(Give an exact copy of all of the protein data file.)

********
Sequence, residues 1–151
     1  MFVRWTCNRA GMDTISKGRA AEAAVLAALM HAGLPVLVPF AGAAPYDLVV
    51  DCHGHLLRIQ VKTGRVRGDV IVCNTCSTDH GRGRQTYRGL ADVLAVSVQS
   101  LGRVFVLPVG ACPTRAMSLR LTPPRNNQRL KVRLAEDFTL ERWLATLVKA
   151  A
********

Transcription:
Sequence, residues 1–151
     1  MFVRWTCNRA GMDTISKGRA AEAAVLAALM HAGLPVLVPF AGAAPYDLVV
    51  DCHGHLLRIQ VKTGRVRGDV IVCNTCSTDH GRGRQTYRGL ADVLAVSVQS
   101  LGRVFVLPVG ACPTRAMSLR LTPPRNNQRL KVRLAEDFTL ERWLATLVKA
   151  A